An ancient way of praying in many of the world’s great faith traditions–including Christianity–is to pray with beads. It’s a great way to kepp our busy minds focused on prayer because our intellect and our fingers are working on a specific task. They’re praying! Check out this article by Rev. Patrick Sipes about one way to use prayer beads.
May 19, 2021
The Rev. Patrick Sipes
Praying with beads is a practice in the Christian Church that is traced back as far as the 3rd and 4th Centuries where the Desert Fathers and Mothers used knotted cords as an aid to prayer. It is also a practice with broad acceptance across the religious spectrum being found also in Islam, Buddhism, Hinduism, Shintoism, Bahai and other faiths.
Having prayed with beads for several years now, I understand their near universal appeal. Beads simultaneously appeal to our tactile senses, offer a kinetic aspect, and for those of us with minds that are prone to wandering, they help keep track of and remind us of where we are in our praying.
Here is an adaptation of the rosary
The practice that I will be offering today is a form of prayer that is prayed with a Rosary form of prayer beads. Rosaries are fairly easy to find, so you should not need to seek out and spend a great deal of money on a specialized set of beads just to try out this style of prayer. If you find yourself drawn deeper into this style of prayer you might desire to have a better set and they are out there to buy or fun and prayerful to make.
As you look at a Rosary, it will have a cross at the bottom and then a series of about five beads in a row. It then splits into a loop that consists of five sets of ten beads that are divided by either an obvious gap or a larger bead. These sets of ten beads are traditionally referred to as “decades.”
As I pray around the set of prayer beads, I tend to run the strand through a lightly closed hand while holding the bead I’m praying with between my thumb and middle section of my forefinger. The most important thing is to find a comfortable way of holding the strand that allows you to work your way around with a minimum of fuss.
Try this pattern for praying these beads
- Holding the cross in your hand, trace it with your thumb and open your time of prayer, “In the name of the Father, and of the Son, and of the Holy Spirit. Amen”
- Hold the first bead – Take a breath and let it out.
- Next Three Beads- Profess the Apostles Creed, holding one bead per article.
- Fifth bead- Take a breath, let it out, and make sure you are truly present.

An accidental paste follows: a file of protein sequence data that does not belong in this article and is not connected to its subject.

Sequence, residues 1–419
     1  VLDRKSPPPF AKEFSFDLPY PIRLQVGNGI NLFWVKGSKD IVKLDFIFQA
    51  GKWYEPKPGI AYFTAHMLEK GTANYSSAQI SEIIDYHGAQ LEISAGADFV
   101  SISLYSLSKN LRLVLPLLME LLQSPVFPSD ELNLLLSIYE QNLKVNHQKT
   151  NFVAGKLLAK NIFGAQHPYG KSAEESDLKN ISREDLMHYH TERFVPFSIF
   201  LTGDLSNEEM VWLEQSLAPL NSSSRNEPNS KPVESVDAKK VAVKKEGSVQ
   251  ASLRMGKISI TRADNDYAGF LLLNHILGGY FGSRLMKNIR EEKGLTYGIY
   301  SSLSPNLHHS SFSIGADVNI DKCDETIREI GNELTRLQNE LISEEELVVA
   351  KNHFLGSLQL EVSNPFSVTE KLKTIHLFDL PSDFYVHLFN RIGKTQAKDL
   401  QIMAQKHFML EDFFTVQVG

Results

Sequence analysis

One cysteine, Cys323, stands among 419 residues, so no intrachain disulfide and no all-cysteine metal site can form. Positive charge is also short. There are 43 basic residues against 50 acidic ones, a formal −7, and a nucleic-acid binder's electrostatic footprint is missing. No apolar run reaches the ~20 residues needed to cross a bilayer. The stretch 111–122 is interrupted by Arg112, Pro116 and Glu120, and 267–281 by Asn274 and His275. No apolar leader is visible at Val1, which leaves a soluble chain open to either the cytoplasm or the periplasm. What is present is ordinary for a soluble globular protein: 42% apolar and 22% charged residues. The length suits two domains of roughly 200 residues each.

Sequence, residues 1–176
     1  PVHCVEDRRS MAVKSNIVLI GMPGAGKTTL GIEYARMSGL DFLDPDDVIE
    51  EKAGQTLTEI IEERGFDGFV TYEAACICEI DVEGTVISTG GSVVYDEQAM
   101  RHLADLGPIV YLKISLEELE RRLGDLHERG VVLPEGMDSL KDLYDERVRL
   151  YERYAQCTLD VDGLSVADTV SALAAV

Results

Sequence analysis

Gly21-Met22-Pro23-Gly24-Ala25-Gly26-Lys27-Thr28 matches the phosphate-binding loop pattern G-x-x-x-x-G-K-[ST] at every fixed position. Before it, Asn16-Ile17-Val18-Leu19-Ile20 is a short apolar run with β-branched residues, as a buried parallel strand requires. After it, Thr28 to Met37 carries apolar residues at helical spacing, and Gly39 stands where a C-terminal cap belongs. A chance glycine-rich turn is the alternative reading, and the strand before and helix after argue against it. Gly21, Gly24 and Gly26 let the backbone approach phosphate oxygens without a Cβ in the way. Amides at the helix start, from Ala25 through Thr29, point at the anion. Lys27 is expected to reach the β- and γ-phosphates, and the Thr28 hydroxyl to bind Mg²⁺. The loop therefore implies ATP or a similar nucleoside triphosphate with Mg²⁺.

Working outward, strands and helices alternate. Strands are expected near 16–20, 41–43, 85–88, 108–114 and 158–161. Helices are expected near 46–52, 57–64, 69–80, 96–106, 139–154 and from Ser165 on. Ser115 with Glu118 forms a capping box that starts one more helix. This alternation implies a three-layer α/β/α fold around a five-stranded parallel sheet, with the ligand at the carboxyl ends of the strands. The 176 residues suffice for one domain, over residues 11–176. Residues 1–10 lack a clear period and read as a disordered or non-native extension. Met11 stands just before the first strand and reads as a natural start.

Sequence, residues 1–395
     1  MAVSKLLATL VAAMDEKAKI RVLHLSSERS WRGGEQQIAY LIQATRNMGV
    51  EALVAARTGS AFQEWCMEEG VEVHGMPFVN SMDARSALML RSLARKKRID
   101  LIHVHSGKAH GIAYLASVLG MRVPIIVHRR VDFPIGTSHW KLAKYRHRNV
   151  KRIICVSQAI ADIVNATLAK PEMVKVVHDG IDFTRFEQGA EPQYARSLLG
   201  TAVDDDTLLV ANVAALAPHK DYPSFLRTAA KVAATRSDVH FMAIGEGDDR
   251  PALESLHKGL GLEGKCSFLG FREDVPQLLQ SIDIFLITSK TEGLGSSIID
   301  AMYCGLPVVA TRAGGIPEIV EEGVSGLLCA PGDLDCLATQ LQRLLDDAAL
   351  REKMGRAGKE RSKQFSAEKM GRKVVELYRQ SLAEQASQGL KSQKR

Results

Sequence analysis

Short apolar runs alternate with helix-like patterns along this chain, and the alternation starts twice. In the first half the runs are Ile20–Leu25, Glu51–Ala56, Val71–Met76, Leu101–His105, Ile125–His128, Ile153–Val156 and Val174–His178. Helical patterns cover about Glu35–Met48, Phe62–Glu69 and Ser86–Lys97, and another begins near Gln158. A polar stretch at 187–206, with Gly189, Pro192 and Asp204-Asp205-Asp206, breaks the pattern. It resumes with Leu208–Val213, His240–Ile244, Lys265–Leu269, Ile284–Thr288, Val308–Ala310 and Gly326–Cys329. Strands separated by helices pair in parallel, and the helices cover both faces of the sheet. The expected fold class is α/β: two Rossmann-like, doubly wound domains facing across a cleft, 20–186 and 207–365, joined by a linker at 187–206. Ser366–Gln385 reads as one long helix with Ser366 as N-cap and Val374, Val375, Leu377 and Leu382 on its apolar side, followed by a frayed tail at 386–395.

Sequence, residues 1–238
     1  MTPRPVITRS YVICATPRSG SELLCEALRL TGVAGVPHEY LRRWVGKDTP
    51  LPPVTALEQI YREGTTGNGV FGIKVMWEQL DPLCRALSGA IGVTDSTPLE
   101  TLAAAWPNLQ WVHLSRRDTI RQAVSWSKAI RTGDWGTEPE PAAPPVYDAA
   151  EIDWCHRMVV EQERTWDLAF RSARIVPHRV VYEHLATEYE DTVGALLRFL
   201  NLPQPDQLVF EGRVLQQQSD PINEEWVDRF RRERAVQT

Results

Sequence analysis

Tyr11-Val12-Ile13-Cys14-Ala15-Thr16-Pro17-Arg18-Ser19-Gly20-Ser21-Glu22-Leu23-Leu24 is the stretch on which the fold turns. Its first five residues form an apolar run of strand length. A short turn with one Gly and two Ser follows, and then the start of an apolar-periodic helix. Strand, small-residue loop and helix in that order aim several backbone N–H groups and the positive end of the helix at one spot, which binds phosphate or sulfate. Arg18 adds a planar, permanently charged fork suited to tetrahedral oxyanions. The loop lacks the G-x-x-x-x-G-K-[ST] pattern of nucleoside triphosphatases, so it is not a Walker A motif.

- First decade- Recite the Ten Commandments one for each bead. When you get to the bead between, stop for reflection. I use this time to reflect on any of the commandments that I am struggling with keeping and ask Jesus for help in following him more closely.
- Second decade- Pray for others. These prayers vary from day to day for me. Some days it may be people that I know personally, other days it may be public officials, sometimes it is situations in the world. The important thing here is to keep yourself oriented outwards. On the reflection bead, I tend to offer a very general prayer for all who are in need, as well as a request that God would use me as hands and feet to care for those I’ve prayed for.
- Third decade- Thanksgivings. Name ten things you are thankful for. I love the beads on this section because it keeps me honest and makes sure I find ten things to give thanks for. Over time this regular reminder of all God provides me with has led me to deeper trust in God and the whole of creation. On the reflection bead I tend to simply say thank you for all I’ve been given.
- Fourth decade- Pray for ten things you need. Name your fears, name your struggles, name what you desire from God. On the reflection bead, I ask God to help me see what is real and what is in my head, what I can do something about and what I cannot, and to help me act where I can and let go of where I cannot. The “Serenity Prayer” would be a good prayer to insert here.
- Fifth decade- I strive to live a life that regularly contains elements of
- Labor, and
To help remind myself of where I am participating in these practices and to help keep them in balance, I name places that I have participated in them since the last time I prayed.
- The five beads again. Top bead, the Lord’s Prayer. Beads 2, 3, and 4, “the kingdom, the power, and the glory.” Bottom bead, “Amen”
- The Cross. Take some time to hold the cross and ponder Jesus’ sacrifice. I personally pray during this time that I might have open eyes to see where Jesus is still suffering in the world and that I might have compassion to reach out to others in their suffering.
This prayer was a great commuting prayer for me. It got me ready for my day as I traveled. Over time it made me more aware of the rhythms of my day-to-day life and continually drew me toward others. It revealed God’s work in my life. I hope that you will find it just as edifying for yourself.
The Rev. Patrick Sipes, Certified Spiritual Director